display | more...

Peruvian music is an amalgamate of styles which has its roots in the Spanish colonization of South America in the 16th century. The music combines elements from three cultures:

There are two main styles: Criollo and Afro-Peruvian. Criollo is Hispanic influenced music, while the Afro-Peruvian is black influenced.

The colonization of Peru was very different than that from other South American countries. African slaves were initially brought to Peru to work in the gold and silver mines in the high Andes. Not many survived the extreme temperatures, and the high altitude, and as a result many of the slaves were sent to the milder coastal region to work on the sugar cane fields. The Spanish and Creole haciendas are the birthplace of the Afro-Peruvian music.

The diversity of the slaves that were brought into Peru also played an important role in the origins of the Afro-Peruvian music. In Brazil and other Central/North American countries, large numbers of slaves from the same tribe were imported. To discourage uproar, the Peruvian slaves were imported from widely dispersed geographical locations in Africa and as a result had very different ethnical backgrounds and cultures. Because of their ethic diversity, the Peruvian slaves easily adopted the culture and language of their new country, and integrated elements from Andean music into theirs. There were some occasions at which music was shared: Christmas was a time at which the Africans were allowed to share their cultural background with the indigenous people. The Catholic Church also encouraged cofradiás: associations that served to preserve national and African culture.

Traditional lyrics of Afro-Peruvian music deal with penalivio: "easing the pain" of slavery, much like the origins of the blues. The songs oftentimes relate to slave labor, or (religious) feasts. There are many sub-genres such as the festejo (celebration), a dialogue of short phrases with sudden pauses. This music is the basis for dance competitions. Another sub-genre is the landó; a type of Peruvian dance music similar to Carribean music, but slower and gentler. The marinera is also a typical Peruvian dance music, usually performed in traditional costume.

Due to Spanish influences, many Peruvians learned to play European instruments and music, but added their own interpretation. This is the source of (Hispanic) criollo. The vals criollo is a direct descendant from the Viennese Waltz, but has a more restrained, dry sound. There are many other influences and styles that shaped both the Criollo as well as the Afro-Peruvian music.

Because of the many cultural influences on Peruvian music, there is a wide array of instruments. The traditional pre-Hispanic instruments are typically wind instruments such as:

  • Quena - a straight tube instrument with five or six sound-holes
  • Zampoña/Antara - this instrument is the south American pan- pipe: it is a bound cluster of sound pipes. The number of pipes varies from region to region.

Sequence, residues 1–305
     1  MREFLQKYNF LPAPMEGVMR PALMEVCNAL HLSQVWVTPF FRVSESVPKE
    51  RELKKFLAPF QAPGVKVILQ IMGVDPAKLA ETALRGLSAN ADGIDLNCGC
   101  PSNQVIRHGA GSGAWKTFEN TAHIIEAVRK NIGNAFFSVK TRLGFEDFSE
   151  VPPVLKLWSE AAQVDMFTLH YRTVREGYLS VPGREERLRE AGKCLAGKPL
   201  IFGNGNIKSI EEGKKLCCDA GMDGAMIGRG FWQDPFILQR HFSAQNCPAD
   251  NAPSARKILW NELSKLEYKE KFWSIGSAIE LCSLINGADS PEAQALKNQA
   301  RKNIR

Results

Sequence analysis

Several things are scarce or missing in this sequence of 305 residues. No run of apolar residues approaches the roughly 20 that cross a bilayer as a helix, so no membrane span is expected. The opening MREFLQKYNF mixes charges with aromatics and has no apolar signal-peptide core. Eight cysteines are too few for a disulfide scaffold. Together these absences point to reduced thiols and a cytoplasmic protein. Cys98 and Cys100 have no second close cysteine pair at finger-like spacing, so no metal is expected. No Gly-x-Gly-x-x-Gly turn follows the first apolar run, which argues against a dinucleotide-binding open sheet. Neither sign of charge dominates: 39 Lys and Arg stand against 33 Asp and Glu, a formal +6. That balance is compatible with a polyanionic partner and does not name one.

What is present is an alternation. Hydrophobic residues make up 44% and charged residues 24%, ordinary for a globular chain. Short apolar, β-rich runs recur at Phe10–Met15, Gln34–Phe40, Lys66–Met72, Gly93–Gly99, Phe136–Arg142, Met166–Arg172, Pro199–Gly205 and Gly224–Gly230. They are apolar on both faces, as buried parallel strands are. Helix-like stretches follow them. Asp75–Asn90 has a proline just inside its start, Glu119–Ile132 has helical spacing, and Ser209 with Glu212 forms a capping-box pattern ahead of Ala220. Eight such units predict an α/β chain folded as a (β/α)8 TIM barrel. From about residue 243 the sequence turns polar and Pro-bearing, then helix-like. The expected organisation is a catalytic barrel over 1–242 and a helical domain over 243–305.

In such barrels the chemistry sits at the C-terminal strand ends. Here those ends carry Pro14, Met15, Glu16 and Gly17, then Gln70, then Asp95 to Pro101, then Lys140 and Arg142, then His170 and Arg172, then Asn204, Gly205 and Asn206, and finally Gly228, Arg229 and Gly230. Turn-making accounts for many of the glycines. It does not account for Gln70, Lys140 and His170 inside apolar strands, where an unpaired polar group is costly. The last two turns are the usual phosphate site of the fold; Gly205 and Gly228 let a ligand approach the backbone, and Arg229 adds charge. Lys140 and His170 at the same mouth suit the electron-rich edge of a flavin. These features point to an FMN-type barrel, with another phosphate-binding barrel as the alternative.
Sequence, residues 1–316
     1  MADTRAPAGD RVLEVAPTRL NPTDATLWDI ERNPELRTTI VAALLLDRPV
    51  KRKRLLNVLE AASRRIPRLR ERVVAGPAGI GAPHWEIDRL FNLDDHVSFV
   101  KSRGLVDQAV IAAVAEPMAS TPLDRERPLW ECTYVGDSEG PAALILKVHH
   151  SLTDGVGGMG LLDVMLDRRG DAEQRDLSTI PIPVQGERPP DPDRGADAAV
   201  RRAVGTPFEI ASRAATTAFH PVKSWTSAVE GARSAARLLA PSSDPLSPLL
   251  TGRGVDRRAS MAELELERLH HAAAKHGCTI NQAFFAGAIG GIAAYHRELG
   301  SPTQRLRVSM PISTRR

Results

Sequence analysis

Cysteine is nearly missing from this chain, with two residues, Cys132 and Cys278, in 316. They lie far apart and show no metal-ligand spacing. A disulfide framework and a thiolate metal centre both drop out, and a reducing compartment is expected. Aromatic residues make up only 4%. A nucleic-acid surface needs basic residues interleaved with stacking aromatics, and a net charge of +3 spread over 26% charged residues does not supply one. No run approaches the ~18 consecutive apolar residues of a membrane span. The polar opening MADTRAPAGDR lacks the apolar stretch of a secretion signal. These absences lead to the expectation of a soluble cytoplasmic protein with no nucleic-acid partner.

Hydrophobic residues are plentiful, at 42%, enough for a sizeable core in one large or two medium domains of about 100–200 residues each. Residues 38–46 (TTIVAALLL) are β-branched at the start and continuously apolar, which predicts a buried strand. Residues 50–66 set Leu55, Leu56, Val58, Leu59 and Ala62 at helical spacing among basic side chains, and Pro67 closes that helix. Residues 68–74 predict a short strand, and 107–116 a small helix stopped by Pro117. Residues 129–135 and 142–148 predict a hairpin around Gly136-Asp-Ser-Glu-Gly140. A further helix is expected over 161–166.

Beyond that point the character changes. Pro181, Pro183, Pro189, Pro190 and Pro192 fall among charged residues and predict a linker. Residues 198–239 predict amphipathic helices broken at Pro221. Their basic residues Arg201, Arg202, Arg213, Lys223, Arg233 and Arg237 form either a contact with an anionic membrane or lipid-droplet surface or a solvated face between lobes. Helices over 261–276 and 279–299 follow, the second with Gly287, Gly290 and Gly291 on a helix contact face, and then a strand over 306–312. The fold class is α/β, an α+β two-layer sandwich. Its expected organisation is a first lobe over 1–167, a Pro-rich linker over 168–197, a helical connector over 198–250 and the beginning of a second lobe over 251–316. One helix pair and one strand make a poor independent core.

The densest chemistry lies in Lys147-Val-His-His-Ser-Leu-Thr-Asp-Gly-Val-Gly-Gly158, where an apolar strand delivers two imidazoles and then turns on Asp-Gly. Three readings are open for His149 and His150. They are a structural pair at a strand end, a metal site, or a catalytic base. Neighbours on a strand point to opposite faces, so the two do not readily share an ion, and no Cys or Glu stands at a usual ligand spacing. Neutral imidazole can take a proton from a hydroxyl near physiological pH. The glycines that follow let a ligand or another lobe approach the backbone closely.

• Tarka - An ancient wooden flute, used for religious ceremonies and dances.
There are also several traditional pre-Hispanic percussion instruments in Peru:
  • Chác-Chás/chullus - rattles made of goat hooves tied to a strip of cloth.
  • Bombo Legüero - a drum made froma hollow tree trunk covered with a cured animal skin.
  • Chaucha - A giant dried, wild pod filled with seeds that is used as a rattle.
  • Palo de Lluvia - The "rain stick". This instrument consists of a 6 ft. long, hollow bamboo reed with sealed ends. A large number of sticks intersects the walls of the reed, and the reed is filled with dried beans. The rain stick is played by turning it upside-down repeatedly.

The criollo (also) uses more traditional European instruments such as:

  • Guitar - This is the most popular instrument in Peru. The basic form is the traditional six-string Spanish guitar, although there are also modifications with ten strings.
  • Harp - This instrument is also very popular, and many variations in shape, material and tuning exist.
  • Violin - The violin is played all over Peru. The instrument is either identical to the European violin, but there are also many variations on the instrument.
  • Charango - This is the Andean version of the Spanish guitar. The instrument is usually smaller than a guitar, and the number of strings can vary.
  • Mandolin - the mandolin is a string instrument similar to a lute. The soundbox is often made of an armadillo shell.

Due to its origins, typical instruments of the Afro-Peruvian music consists of very simple instruments. Some of the percussion instruments were developed from household appliances such as spoons, table tops, wooden boxes. Typical instruments are:

  • Cajón - A wooden box with a sound-hole at the back. The musician sits on top of the box and raps with both hands on the front.
  • Quijada - this instrument is a bottom half of a jawbone of a donkey, mule or horse. The instrument is held in one hand and punched with the other to make the teeth rattle. The vibra-slap was derived from the Quijada.
  • Cajita - This instrument is a wooden box, smaller than the Cajón. The cajita is played by opening and closing the top lid of the box to the rhythm of the music, while striking it with a stick.

Log in or register to write something here or to contact authors.